It’s funny how kids will always manipulate formal given names into something else. Usually, it’s a shortening; sometimes just the first letter sticks. I cannot remember ever hearing Lexi’s parents shorten their chosen name, but she allowed me to drop the final letter, but I could only use it when we hung out alone. For a while, we walked to school together.
At her thirteenth birthday party, not too many other boys came, even though boy-girl parties were THE THING then, it seemed. Todd Schumacher and I buddied up and stared at the locked liquor cabinet in Lexi’s parent’s basement for a solid twenty minutes. Todd claimed his older brother knew how to pick locks, but there was little chance this absent brother would be able to pass for a thirteen-year-old if and when he arrived at the door. The only other boy there was Kenny Grimes. Grimesy was that kid who kept to himself unless it was Halloween or a half-day at school or something . Whenever the regular schedule changed, Grimesy came out of his proverbial shell. At this party, however, he remained shy, probably because he had never been to a girl’s house. Todd and I acted like pros, though. We looked comfortable, even though we were outnumbered 14-3 genderwise.
After her mother brought down a tray of hot dogs, she finished the food display by putting out chips and pretzels. Just before going upstairs–for good this time she said–she remembered some Hershey’s kisses she’d saved from Easter. Once the basement was completely parent-free, our attention left the alcohol and turned to the pool table. Lexi said her dad had wanted one for a long time, and (she whispered) even though they fought about how much it cost, he had it installed the previous weekend. He had come down and asked Lexi to remind her friends (even though we could all hear him) that no one should place their drinks or anything else on the table.
Most of the other girls wore outfits they hadn’t worn to school earlier that day. Grimesy had on the same superhero shirt we think he wore every Friday, but Todd and I had only changed tee shirts. That afternoon–one of the warmest of the spring so far–had prompted many of us boys to throw together an impromptu basketball game right after school, so the sleeves of my shirt were stained with sweat. Hanna Caldwell was there, and she was wearing heels. Already the tallest girl in our grade, she now towered above the other girls by two more inches. She was quite pretty; her straight blond hair fell like columns on either side of her freckled cheeks. Trish Underwood, however, was the anti-Hanna. She’d been sitting on the lone sofa since before I arrived. Trish had a habit of examining her fingernails before, during, and after all interactions with other humans.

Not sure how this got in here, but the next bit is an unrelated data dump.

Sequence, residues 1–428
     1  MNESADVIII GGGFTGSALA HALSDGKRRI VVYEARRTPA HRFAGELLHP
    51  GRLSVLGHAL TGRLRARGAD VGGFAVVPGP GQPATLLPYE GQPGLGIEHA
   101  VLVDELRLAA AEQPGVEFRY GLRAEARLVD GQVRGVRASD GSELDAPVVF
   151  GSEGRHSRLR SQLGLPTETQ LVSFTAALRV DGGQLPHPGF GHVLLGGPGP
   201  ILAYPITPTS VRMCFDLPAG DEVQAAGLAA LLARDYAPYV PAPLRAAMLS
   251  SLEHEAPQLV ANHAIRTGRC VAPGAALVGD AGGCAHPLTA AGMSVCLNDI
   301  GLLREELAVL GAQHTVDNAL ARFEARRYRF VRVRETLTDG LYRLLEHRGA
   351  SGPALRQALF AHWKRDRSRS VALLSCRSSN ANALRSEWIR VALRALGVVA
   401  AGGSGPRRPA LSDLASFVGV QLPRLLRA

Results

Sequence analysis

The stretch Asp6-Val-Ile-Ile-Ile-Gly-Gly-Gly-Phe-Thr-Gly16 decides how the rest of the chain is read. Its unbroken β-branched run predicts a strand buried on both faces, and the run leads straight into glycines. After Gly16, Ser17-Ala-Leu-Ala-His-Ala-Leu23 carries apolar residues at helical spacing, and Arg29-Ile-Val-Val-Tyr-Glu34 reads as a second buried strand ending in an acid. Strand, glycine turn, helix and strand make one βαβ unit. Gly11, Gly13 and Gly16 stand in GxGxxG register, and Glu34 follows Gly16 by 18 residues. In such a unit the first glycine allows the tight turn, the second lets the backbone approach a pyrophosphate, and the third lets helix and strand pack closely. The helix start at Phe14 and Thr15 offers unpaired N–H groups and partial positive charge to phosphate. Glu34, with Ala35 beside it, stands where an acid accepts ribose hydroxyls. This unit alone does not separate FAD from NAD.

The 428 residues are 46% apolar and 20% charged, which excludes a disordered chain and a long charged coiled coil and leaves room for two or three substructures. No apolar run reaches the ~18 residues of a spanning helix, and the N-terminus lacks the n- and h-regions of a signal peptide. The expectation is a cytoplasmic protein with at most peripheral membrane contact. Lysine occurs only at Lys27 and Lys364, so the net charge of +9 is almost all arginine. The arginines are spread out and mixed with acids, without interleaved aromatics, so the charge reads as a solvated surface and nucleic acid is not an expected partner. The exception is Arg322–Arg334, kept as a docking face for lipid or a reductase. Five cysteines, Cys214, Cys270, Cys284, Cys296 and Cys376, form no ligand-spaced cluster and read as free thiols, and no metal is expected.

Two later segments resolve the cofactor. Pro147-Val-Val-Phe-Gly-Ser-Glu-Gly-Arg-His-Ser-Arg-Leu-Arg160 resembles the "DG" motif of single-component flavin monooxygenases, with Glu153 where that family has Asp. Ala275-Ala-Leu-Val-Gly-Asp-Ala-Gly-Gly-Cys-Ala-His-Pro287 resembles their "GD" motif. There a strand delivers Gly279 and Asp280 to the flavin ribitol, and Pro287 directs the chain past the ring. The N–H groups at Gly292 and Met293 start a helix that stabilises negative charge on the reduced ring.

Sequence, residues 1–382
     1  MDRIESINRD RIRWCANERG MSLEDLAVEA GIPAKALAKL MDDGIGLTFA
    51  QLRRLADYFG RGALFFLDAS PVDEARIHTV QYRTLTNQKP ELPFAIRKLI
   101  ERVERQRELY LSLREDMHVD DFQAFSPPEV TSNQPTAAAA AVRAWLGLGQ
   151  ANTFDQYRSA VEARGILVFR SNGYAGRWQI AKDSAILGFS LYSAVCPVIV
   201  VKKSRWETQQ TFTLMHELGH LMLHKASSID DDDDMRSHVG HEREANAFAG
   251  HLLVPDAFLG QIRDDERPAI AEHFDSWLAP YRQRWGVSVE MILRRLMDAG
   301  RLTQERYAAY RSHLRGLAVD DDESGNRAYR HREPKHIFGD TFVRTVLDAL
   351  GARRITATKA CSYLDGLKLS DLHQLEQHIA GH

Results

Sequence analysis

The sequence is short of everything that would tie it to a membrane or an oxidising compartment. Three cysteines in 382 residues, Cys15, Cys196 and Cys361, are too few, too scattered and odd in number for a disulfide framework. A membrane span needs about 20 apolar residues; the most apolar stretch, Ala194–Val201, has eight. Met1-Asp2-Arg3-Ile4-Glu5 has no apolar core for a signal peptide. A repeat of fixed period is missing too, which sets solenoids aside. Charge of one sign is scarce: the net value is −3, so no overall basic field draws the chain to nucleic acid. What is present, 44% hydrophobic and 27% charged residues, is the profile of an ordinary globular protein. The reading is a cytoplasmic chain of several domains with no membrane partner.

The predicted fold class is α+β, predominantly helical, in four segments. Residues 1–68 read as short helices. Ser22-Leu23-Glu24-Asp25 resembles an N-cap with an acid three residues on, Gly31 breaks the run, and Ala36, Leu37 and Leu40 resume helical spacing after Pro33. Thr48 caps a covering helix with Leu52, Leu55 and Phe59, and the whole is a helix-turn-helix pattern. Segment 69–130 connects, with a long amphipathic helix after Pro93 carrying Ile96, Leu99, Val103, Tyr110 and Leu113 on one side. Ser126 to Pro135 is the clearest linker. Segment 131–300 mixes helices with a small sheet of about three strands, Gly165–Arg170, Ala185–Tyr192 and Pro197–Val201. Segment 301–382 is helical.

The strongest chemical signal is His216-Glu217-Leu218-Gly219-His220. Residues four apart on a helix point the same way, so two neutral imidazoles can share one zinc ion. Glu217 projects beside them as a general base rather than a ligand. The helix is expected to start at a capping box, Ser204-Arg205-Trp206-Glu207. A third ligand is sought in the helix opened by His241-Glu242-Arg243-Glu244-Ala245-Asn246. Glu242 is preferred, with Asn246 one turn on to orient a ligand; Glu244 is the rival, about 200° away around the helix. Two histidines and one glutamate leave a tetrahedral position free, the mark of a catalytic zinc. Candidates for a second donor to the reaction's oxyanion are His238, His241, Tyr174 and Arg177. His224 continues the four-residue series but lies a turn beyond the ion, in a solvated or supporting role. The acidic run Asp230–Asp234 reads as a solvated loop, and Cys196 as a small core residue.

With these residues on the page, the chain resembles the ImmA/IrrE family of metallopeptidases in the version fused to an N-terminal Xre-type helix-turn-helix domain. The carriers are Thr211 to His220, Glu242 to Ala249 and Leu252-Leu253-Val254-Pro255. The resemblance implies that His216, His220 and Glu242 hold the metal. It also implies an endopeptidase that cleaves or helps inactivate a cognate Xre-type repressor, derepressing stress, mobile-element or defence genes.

An hour later or so, Lexi’s dad came back down with a beer in his hand and removed the tan leather cover from the pool table. “Harris!” he bellowed at me with a stern finger. “Play me!” He’d never called me by, well anything, before.
“Dad, c’mon,” Lexi pleaded.
“One game,” he said, not looking at her and applying blue chalk to a cue stick. “I want to teach your boyfriend how to play.”
Needless to say the mood of the party switched permanently at that moment. I distinctly remember looking at her, knowing she wanted to say “He’s not my boyfriend,” but she caught herself. Instead, she stormed to the foot of the basement stairs and called for her mother.
“Mom! Dad and his beer are down here!”
“Jeff!” we heard. “Can you help me in the kitchen?” No one else knew this, but I knew that was code for a fight about to take place. Perhaps she didn’t always use kitchen. He slowly replaced the cue stick on a wall-mounted rack and took a long slurp of his beer. His eyes met mine, but he stayed silent. The only sound was the night-time radio host talking about a weekly top ten list he was beginning soon. As if he’d come back down to earth, Lex’s dad began climbing the stairs and mumbled something about us kids having a good time.
A few minutes later after the girls returned to two different huddles, Todd approached me. “Was that for real? You two are boyfriend-girlfriend?”
I had no idea how to answer. She was a girl and we were friends. I wasn’t stupid enough to think those were the only prerequisites, but I also knew the potential ramifications for saying yes or saying no. As it was happening, i realized this was going to be one of those moments that stuck with me forever. The first alternative that erupted in my head blurted through my teeth.
“Yes, but you can’t say anything to anyone about it.”
I should have known then, and I definitely know now. The words after “yes” in my response were pointless.